A study was conducted in five blocks across 2 districts of southern Rajasthan to estimate the prevalence of stunting, wasting, and underweight among rural preschool children (0-35 months) and to compare the degree of stunting among beneficiaries and non-beneficiaries of ICDS supplementary nutrition.
The study found that protein malnutrition was highly prevalent among rural children aged less than three years, as evidenced by high levels of wasting (19.4%), stunting (53.8%), and underweight (53.8%). It appears that a major reason for malnutrition among children under 3 years of age is difficulty in weaning. The finding that babies born at close birth interval of less than 3 years were stunted, underscores that malnutrition may be a consequence of high and uncontrolled fertility in the area. There was no significant difference found in the prevalence of wasting or stunting between beneficiaries and non-beneficiaries of ICDS programme.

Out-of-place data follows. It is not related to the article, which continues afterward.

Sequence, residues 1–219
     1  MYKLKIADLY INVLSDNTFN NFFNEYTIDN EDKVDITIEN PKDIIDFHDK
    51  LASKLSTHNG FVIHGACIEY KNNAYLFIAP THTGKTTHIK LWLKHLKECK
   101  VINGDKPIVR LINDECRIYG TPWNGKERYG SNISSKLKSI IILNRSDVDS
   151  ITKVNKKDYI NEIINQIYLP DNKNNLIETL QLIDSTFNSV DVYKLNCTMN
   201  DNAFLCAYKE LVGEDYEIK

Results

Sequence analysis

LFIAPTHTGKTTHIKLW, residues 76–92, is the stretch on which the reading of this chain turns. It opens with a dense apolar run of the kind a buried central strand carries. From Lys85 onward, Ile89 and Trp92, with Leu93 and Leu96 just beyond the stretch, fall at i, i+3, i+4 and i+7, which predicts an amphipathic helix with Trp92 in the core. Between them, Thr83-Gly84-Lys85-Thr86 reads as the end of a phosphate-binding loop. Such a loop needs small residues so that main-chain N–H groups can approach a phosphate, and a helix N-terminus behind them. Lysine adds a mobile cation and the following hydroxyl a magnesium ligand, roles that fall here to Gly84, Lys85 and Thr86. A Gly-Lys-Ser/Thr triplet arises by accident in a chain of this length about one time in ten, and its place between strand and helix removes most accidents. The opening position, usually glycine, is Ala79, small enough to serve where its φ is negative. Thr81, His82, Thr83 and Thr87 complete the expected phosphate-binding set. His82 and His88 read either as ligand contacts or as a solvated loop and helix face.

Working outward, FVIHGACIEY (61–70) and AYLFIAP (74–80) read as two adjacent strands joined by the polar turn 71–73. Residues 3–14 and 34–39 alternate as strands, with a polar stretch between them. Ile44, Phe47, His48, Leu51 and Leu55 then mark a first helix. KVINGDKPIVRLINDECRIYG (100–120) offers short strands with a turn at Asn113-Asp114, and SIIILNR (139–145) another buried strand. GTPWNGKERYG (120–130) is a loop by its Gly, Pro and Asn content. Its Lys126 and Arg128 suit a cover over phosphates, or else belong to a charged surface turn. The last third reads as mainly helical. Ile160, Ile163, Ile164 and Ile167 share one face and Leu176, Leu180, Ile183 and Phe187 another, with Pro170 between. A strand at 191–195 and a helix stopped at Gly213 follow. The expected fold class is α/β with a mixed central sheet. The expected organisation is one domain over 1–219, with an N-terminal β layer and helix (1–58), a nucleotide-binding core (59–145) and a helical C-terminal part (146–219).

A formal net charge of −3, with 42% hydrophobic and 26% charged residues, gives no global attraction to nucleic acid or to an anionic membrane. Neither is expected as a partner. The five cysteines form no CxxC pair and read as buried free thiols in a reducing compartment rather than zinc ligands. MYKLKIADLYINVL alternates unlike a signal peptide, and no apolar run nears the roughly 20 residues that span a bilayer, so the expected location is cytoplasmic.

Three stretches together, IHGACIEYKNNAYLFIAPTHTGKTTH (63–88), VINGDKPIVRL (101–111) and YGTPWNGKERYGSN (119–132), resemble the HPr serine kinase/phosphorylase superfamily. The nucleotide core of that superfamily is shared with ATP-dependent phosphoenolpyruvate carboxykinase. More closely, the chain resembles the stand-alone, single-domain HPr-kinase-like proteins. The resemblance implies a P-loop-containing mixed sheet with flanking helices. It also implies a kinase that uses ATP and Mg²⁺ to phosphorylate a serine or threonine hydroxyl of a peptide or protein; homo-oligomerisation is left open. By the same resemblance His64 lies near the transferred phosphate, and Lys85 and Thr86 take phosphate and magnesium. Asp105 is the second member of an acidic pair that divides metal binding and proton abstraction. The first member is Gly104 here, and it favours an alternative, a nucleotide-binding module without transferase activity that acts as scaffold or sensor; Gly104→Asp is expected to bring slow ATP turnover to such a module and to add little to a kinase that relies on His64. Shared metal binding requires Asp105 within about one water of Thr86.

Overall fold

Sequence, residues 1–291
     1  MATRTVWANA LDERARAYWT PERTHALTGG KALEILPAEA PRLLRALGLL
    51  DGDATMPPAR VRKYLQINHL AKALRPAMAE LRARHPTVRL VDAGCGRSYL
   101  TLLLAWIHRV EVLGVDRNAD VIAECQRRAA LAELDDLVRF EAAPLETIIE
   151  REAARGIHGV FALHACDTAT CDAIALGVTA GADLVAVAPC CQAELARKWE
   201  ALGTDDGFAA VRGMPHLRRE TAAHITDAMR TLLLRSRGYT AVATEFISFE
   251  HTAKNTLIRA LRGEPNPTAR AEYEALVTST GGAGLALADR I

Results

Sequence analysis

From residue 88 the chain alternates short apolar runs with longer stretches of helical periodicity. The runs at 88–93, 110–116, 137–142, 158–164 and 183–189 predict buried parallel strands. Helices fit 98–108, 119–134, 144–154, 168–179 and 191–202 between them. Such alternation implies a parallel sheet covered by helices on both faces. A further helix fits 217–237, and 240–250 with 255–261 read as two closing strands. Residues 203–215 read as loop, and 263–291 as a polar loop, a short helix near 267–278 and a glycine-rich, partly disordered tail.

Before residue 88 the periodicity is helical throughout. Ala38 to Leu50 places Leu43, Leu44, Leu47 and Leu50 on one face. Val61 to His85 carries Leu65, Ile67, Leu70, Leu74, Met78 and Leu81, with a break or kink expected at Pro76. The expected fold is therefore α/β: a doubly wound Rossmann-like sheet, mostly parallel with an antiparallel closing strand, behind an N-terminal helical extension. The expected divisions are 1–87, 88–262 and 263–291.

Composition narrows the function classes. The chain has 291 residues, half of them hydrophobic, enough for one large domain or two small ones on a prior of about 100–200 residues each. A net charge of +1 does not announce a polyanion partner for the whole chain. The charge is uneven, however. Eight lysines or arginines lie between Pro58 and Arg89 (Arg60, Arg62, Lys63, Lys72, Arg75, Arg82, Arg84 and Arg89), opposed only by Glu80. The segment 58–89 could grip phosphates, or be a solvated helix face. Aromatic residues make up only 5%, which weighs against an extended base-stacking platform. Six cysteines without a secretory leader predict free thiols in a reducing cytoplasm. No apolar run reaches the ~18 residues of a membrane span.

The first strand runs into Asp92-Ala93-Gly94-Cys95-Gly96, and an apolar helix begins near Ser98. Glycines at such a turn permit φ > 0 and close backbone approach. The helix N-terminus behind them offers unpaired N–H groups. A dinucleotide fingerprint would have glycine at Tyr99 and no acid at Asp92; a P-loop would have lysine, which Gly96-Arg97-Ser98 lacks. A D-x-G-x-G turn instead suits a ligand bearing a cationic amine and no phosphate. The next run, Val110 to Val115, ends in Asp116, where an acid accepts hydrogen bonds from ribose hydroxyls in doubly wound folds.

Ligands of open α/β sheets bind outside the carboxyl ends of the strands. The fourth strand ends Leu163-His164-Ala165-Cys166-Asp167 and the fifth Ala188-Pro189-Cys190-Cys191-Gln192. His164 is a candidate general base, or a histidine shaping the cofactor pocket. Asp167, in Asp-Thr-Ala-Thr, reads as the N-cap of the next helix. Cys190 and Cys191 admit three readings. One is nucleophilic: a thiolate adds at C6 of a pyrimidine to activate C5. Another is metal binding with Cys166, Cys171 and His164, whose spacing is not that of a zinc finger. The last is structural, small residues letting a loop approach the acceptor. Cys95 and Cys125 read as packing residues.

16.8% of children aged 6 to 35 months received supplementary food from the anganwadis, which was only 43.1% of the maximum children that could have been targeted by the programme.